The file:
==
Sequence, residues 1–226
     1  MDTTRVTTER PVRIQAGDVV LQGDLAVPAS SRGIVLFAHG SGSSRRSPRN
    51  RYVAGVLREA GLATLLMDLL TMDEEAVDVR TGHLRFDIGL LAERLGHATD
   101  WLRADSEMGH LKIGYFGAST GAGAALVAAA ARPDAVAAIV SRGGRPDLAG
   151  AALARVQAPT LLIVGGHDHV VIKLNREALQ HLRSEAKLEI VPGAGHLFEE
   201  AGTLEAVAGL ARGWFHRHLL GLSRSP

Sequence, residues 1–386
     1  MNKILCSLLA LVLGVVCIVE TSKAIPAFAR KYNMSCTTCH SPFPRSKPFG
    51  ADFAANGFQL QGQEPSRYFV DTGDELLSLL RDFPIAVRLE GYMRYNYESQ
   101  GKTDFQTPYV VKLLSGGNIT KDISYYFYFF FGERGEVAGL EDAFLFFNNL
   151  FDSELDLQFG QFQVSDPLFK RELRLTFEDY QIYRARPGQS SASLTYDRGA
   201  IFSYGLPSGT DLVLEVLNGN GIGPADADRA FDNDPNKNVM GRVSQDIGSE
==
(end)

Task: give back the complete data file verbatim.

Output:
Sequence, residues 1–226
     1  MDTTRVTTER PVRIQAGDVV LQGDLAVPAS SRGIVLFAHG SGSSRRSPRN
    51  RYVAGVLREA GLATLLMDLL TMDEEAVDVR TGHLRFDIGL LAERLGHATD
   101  WLRADSEMGH LKIGYFGAST GAGAALVAAA ARPDAVAAIV SRGGRPDLAG
   151  AALARVQAPT LLIVGGHDHV VIKLNREALQ HLRSEAKLEI VPGAGHLFEE
   201  AGTLEAVAGL ARGWFHRHLL GLSRSP

Sequence, residues 1–386
     1  MNKILCSLLA LVLGVVCIVE TSKAIPAFAR KYNMSCTTCH SPFPRSKPFG
    51  ADFAANGFQL QGQEPSRYFV DTGDELLSLL RDFPIAVRLE GYMRYNYESQ
   101  GKTDFQTPYV VKLLSGGNIT KDISYYFYFF FGERGEVAGL EDAFLFFNNL
   151  FDSELDLQFG QFQVSDPLFK RELRLTFEDY QIYRARPGQS SASLTYDRGA
   201  IFSYGLPSGT DLVLEVLNGN GIGPADADRA FDNDPNKNVM GRVSQDIGSE